I was on an outpatient pediatric cardiology elective during Match Week 2017. I hadn’t slept well on Sunday night, the night just prior to getting the email that would either say “Congratulations!” or “We are sorry….”. Internally, I was a mess. I was acutely aware of my heartbeat and the seconds ticking by as I awaited that email. My preceptor was also acutely aware, repeatedly asking, “Anything yet?” between patients and echos that morning. I felt like I was going to die. Sitting in his office, my phone dinged with the receipt of an email.
Instantly, my tachycardia subsided. I sighed audibly and my preceptor’s face brightened. So, so very relieved that I did not have to SOAP into an unfilled position. And yet simultaneously a new panic took over. Which program?!? I had applied to too many, received 22 interview invitations, attended 19, and ranked 14. Who was I to have deserved a spot? All of those who didn’t Match were just as deserving…. there just are not enough spots to accommodate everyone.
My Imposter Syndrome had begun long ago. I had applied to medical school four times,by the time I had matriculated, I had not carried a full course load of hard science in over 4 years. I was old. Could I even do this?
To make matters worse, I was accepted to my school off of the waitlist at the very last moment – I had already put a deposit on a seat at a different school and had signed a lease on housing when I received a phone call and immediately switched directions. Subsequently, given that the switch had been so late in the game, I never received an acceptance letter to the school I was attending. I showed up to the White Coat Ceremony 5 days after accepting the waitlist offer and wondered if there would even be a white coat waiting for me, if my name would even be on the program. It had all happened so quickly, and at the last minute. Somehow, everything had worked out, my name was in the program, I received my white coat at the ceremony, and it was off to the races. It still felt like I had dreamed it. Am I really supposed to be here? Am I the consolation prize?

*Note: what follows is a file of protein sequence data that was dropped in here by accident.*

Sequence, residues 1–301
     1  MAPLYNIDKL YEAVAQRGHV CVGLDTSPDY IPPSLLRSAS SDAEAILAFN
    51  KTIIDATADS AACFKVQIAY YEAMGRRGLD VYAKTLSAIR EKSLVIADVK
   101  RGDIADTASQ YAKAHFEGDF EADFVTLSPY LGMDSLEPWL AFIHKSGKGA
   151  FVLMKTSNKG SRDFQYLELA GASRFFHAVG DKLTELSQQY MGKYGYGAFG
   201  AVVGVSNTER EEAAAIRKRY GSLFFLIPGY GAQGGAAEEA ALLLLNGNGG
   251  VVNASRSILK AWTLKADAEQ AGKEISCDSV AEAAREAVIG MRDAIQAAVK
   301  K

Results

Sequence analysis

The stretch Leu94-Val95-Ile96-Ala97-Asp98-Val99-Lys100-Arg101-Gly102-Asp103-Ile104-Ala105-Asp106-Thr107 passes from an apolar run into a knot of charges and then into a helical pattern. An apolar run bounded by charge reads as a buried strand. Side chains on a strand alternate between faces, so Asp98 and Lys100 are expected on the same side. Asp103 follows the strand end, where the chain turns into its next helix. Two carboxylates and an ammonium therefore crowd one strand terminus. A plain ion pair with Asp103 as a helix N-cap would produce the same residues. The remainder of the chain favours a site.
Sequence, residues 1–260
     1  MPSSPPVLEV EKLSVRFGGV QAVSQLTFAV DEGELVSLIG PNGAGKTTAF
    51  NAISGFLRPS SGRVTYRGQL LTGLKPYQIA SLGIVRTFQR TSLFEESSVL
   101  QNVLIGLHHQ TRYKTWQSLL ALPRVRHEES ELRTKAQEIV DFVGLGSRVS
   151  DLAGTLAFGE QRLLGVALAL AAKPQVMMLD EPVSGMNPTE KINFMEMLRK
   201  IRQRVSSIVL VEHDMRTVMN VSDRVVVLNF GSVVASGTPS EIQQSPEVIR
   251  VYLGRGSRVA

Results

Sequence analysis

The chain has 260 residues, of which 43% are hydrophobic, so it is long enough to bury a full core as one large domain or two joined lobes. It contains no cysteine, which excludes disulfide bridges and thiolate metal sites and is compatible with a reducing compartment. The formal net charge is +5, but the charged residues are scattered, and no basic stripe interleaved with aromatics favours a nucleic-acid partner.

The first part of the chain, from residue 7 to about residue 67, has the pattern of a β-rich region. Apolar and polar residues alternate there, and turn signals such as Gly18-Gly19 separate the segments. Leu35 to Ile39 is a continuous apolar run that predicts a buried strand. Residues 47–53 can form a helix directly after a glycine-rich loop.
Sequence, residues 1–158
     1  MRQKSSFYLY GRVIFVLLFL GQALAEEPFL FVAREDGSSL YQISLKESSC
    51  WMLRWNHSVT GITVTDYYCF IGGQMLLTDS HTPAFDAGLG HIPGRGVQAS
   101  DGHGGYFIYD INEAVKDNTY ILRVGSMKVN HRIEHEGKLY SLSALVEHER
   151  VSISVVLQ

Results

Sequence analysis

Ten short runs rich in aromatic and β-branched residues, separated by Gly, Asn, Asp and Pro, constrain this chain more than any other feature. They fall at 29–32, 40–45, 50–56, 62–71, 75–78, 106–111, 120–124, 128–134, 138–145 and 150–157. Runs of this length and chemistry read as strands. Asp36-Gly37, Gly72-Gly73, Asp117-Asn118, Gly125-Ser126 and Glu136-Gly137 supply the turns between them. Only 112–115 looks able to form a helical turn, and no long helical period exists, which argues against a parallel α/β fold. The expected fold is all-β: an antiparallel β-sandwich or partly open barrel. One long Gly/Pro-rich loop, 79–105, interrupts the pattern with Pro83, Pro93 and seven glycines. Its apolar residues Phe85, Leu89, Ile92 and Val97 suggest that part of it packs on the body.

During that year, I was also pregnant with my first child, and just knew that I would be perceived as not being dedicated to my craft. Could I be good at more than just being a student? Could I also be a good mom and wife? Do I really belong here?
Later, on my first day as a second year medical student, my badge failed to give me access to the instructional building. I called the IT department to see if there was anything they could do. “Why would you want access to the medical building?” the man on the phone asked. “We have you down as being a Dental student.” I explained that, no, I was a second year medical student and my badge had worked on that entrance for a year. He said he’d call me back. After much waiting, I received a call from IT. “I had to call the Admissions Office to see if you were were actually a student here. I didn’t believe that you were.” I didn’t know whether to laugh or be angry. Did others think I wasn’t meant to be here?
Fast forward to Match Week. I was the beholder of an email with happy news, but I had to wait four more days to find out which program I would start in a few short months. I had applied coast to coast, so my family could literally move just about anywhere based on the outcome of an algorithm. I agonized for those four days, even though I knew that no amount of worry or panic would change the program that would be unveiled on Friday. The morning of Match Day, it was raining – was that a poor omen? As the hours and minutes and seconds ticked closer to noon, my anxiety ramped into high gear. What if I just didn’t open the envelope? There is no way I Matched into my #1. There is just no way. They can’t want me, I’m not good enough for them, I’m not deserving of Matching there. And yet they did want me, because my top choice was listed on my Match letter, and it was binding.
During Orientation, my program director stood in front of my cohort and said, “You are in the right place at the right time and we are here to support you.” I wrote down his words and have read them over to myself many times. I don’t know why the first thing I always think about myself has to be so negative. Maybe someday I will finally grow out of my Imposter Syndrome.
To everyone who finds out where they Matched tomorrow, or for those who accepted a position in SOAP, know this: You are deserving of that spot. You are in the right place, at the right time. And the only person who determines your goals is YOU.